We find that the two scenarios in which detail that the mechanism will result in the opposite of their beliefs on abortion lead to lower agreement. Reminding them that they have to answer truthfully does not change their overall agreement meaningfully. 

We think this implies that participants in the first study already operated under the belief that they answer truthfully and not what is socially desirable. Secondly, we interpret the fact that participants reduce their trust in the mechanism depending on the outcome shows that the mechanism and outcome are not fully decoupled, e.g. people like democracy more if it produces their desired results. 

Adversarial prompts 2

We randomly assign participants another adversarial question.

  1. Different political: We specify a scenario in which the actors making the decision have different political beliefs than the participants. Concretely, we state “Assume all decision-makers in this society *do not share your political beliefs*, i.e. they don't vote for the same party as you.”
  2. Different moral: We specify a scenario in which the actors making the decision have different moral beliefs than the participants. Concretely, we state “Assume all decision-makers in this society *do not share your moral beliefs*, i.e. their stances on moral questions are not the same as yours.“
  3. Flaws: We attempt to introduce a negative sentiment into the question by adding “Remember that people and institutions have *flaws*. They sometimes have bad intentions or bad incentives and they might make decisions that benefit them but hurt everyone else” before asking them for their agreement.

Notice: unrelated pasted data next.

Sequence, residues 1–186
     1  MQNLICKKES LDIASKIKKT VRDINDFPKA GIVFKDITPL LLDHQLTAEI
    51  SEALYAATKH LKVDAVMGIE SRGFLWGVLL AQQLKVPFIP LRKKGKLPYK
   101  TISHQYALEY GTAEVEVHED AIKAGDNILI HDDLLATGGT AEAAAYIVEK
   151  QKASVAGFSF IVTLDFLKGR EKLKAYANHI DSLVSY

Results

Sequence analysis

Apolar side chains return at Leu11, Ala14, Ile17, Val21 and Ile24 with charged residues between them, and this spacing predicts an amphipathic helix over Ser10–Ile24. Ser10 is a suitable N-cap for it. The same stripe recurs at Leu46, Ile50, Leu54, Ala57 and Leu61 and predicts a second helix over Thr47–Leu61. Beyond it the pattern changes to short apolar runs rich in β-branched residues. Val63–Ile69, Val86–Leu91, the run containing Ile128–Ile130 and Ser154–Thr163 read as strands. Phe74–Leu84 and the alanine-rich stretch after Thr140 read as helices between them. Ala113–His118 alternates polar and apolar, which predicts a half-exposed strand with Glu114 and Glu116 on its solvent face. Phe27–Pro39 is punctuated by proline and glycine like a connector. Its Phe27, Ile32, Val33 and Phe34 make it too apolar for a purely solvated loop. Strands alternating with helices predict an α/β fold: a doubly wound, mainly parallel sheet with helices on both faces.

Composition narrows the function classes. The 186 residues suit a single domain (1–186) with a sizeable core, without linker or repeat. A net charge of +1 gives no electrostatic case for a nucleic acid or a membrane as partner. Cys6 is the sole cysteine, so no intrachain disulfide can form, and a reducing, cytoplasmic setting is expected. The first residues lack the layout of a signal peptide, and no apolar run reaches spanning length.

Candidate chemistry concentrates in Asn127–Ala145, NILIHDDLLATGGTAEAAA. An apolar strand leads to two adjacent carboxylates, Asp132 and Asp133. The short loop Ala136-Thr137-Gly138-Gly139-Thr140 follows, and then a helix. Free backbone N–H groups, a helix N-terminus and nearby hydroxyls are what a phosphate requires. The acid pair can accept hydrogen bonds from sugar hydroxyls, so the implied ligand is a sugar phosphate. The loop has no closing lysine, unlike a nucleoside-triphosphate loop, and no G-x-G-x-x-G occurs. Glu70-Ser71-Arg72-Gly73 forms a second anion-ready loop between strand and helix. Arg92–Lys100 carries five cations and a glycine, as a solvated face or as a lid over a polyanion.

“Basic (1st)” displays the findings from the original survey. “Different political”, “different moral” and “flaws” describe the three adversarial conditions we test for. We find that the participants respond with less agreement in all adversarial conditions. 

We find that participants reduce their agreement in all three scenarios compared to the first study, i.e. when the decision makers have different political or moral views from them and after we remind them that people have flaws. 

Our interpretation of these findings is that the participants judge the quality of the mechanism partly by how much they agree with the people making the decision, e.g. when the decision-makers have different beliefs or the participants think worse about them, they agree less with the mechanism.

Question about AI

In the first survey, one of the scenarios we polled was about good future humans. We asked people about their agreement with the respective mechanisms in a future world with the following setting: “Assume there is a future society where everyone is much smarter than the smartest people today, all of their physical needs are met, they are better educated than today's professors, they consider all perspectives when making a decision and they intend to find the best possible solution (we will call this society *good future society*)”. We used this setting to get answers in idealized settings because people might e.g. not like the current version of democracy but think it is a good system in principle.